De captivitate ecclesiae. Praeludium Martini Lutheri

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De captivitate ecclesiae. Praeludium Martini Lutheri

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IV Confirmation

5.1 I wonder what could have possessed them to make a sacrament of confirmation out of the laying on of hands, (Mark 16:18; Acts 6:6, Acts 8:17, Acts 19:6) which Christ employed when He blessed young children, (Mark 10:16) and the apostles when they imparted the Holy Spirit, ordained elders and cured the sick, as the Apostle writes to Timothy, "Lay hands suddenly on no man." (1 Timothy 5:22) Why have they not also turned the sacrament of the bread into confirmation? For it is written in Acts 9:19, "And when he had taken meat he was strengthened," and in Psalm 104:15, "And that bread may cheer man's heart." Confirmation would thus include three sacraments – the bread, ordination, and confirmation itself. But if everything the apostles did is a sacrament, why have they not rather made preaching a sacrament?

5.2 I do not say this because I condemn the seven sacraments, but because I deny that they can be proved from the Scriptures. Would to God we had in the Church such a laying on of hands as there was in apostolic times, whether we called it confirmation or healing! But there is nothing left of it now but what we ourselves have invented to adorn the office of the bishops, that they may have at least something to do in the Church. For after they relinquished to their inferiors those arduous sacraments together with the Word, as being too common for themselves – since, forsooth, whatever the divine Majesty has instituted has to be despised of men – it was no more than right that we should discover something easy and not too burdensome for such delicate and great heroes to do, and should by no means entrust it to the lower clergy as something common – for whatever human wisdom has decreed has to be held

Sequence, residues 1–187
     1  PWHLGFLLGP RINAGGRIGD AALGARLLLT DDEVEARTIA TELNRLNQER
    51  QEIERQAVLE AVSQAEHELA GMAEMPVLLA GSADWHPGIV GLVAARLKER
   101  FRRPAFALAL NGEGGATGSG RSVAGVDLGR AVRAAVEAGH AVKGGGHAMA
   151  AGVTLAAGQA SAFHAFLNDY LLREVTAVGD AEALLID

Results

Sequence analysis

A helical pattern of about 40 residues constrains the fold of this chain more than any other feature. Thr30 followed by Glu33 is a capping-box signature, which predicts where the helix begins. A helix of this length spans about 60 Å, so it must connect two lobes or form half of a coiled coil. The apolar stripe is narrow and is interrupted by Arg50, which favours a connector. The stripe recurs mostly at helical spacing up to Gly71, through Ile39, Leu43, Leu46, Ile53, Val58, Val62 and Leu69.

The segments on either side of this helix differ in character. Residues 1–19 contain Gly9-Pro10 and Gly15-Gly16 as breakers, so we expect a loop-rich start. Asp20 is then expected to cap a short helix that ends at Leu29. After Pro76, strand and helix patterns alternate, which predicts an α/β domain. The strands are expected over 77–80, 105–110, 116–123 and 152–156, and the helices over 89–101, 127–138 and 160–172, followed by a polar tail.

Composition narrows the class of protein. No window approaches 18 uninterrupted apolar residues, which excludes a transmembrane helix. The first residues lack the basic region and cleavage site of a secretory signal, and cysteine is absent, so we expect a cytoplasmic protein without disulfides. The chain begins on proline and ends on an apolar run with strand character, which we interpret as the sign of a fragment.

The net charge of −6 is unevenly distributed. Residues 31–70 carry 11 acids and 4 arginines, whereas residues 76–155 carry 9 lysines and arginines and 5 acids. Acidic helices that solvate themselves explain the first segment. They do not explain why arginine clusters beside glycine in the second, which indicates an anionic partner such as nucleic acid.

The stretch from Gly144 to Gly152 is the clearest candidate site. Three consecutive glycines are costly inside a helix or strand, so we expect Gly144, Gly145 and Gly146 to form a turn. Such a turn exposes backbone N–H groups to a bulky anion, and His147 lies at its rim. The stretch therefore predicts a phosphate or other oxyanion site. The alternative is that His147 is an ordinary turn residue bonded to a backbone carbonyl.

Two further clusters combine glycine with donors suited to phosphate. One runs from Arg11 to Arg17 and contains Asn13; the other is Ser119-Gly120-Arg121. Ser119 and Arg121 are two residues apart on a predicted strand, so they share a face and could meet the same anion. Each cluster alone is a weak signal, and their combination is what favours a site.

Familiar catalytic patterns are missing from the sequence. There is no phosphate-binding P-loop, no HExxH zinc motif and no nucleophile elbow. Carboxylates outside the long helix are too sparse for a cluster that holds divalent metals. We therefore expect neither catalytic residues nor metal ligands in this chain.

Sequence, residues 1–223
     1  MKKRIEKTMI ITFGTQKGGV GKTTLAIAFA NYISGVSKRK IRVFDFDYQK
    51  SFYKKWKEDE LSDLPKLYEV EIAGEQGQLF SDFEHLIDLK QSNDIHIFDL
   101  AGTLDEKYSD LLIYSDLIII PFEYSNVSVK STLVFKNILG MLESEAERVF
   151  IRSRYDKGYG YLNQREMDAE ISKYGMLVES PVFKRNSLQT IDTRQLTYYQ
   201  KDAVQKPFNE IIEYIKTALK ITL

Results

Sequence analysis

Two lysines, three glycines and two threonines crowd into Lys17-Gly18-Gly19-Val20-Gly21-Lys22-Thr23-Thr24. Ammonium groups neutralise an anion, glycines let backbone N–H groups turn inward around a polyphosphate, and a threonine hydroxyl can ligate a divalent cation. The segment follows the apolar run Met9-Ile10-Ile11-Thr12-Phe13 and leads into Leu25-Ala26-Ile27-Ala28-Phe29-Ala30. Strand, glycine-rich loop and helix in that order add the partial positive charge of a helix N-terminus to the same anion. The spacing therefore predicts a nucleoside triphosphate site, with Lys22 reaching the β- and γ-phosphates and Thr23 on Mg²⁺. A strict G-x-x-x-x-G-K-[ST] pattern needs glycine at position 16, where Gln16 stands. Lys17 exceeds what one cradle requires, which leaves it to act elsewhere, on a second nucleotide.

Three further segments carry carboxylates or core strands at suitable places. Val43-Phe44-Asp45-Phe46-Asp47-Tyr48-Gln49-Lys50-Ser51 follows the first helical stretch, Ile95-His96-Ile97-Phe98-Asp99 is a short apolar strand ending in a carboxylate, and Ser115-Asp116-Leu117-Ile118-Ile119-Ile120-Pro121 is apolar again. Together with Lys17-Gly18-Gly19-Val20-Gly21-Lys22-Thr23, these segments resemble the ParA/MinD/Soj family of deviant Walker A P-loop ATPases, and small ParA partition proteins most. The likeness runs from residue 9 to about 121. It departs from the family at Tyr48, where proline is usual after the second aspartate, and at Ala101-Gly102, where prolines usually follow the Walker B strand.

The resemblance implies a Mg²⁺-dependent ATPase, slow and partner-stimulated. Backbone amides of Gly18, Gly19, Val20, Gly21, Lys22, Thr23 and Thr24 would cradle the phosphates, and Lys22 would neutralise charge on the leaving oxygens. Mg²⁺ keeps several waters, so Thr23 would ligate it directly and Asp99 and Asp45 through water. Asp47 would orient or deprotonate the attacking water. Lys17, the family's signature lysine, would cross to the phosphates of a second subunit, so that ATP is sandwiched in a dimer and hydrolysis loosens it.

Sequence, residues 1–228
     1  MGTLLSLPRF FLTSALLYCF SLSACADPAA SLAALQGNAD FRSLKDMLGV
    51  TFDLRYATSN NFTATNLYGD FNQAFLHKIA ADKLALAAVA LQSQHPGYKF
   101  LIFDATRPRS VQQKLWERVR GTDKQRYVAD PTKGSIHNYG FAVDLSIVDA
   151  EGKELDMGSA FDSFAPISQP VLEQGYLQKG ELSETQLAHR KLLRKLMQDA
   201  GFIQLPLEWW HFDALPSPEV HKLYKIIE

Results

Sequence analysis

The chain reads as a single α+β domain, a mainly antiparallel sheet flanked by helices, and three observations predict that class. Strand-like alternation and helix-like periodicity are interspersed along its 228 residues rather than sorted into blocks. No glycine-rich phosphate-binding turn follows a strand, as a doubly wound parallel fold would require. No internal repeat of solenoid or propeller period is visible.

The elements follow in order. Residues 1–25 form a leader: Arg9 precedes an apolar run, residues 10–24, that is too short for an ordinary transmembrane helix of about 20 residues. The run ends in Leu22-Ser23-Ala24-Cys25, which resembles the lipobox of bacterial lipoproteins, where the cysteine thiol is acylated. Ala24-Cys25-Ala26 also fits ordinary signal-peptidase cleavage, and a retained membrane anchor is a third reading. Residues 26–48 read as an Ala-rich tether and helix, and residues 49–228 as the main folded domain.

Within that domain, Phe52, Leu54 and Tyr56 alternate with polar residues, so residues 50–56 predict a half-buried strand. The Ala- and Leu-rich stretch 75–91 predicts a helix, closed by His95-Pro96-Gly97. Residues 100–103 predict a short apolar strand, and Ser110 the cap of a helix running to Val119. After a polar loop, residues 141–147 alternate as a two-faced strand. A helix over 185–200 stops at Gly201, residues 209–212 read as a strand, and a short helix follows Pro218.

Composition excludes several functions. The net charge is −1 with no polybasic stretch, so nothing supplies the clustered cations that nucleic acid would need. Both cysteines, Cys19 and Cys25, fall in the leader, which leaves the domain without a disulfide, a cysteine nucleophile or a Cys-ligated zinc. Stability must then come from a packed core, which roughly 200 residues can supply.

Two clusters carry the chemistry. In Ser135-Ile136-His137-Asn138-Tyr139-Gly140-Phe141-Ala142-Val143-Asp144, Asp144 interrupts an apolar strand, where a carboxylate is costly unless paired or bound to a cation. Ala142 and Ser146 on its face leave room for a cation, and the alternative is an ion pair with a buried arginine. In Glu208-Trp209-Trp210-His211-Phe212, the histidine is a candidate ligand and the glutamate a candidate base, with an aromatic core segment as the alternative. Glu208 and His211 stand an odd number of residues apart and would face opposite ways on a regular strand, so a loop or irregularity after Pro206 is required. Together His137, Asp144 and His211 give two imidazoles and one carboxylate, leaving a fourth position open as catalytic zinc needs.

in honor among men! Therefore, as are the priests, so let their ministry and duty be. For a bishop who does not preach the Gospel or care for souls, what is he but an idol in the world, having but the name and appearance of a bishop? (1 Corinthians 8:4) But we seek, instead of this, sacraments that have been divinely instituted, among which we see no reason for numbering confirmation. For, in order that there be a sacrament, there is required above all things a word of divine promise, whereby faith, may be trained. But we read nowhere that Christ ever gave a promise concerning confirmation, although He laid hands on many and included the laying on of hands among the signs in Mark 16:18 "They shall lay their hands on the sick, and they shall recover." Yet no one referred this to a sacrament, nor can this be done.

5.3 Hence it is sufficient to regard confirmation as a certain churchly rite or sacramental ceremony, similar to other ceremonies, such as the blessing of holy water and the like. For if every other creature is sanctified by the word and by prayer, (1 Timothy 4:4 f.) why should not much rather man be sanctified by the same means? Still, these things cannot be called sacraments of faith, because there is no divine promise connected with them, neither do they save; but sacraments do save those who believe the divine promise.

V Marriage

6.1 Not only is marriage regarded as a sacrament without the least warrant of Scripture, but the very traditions which extol it as a sacrament have turned it into a farce. Let me explain.

6.2 We said that there is in every sacrament a word of divine promise, to be believed by whoever receives the sign, and that the sign alone cannot be a sacrament. Now we read nowhere that the man who marries a wife receives any grace of God. no, there is not even a divinely instituted sign in marriage, or nowhere do we read that marriage was instituted by God to be a sign of anything. To be sure, whatever takes place in a visible manner may be regarded as a type or figure of something invisible; but types and figures are not sacraments in the sense in which we use this term.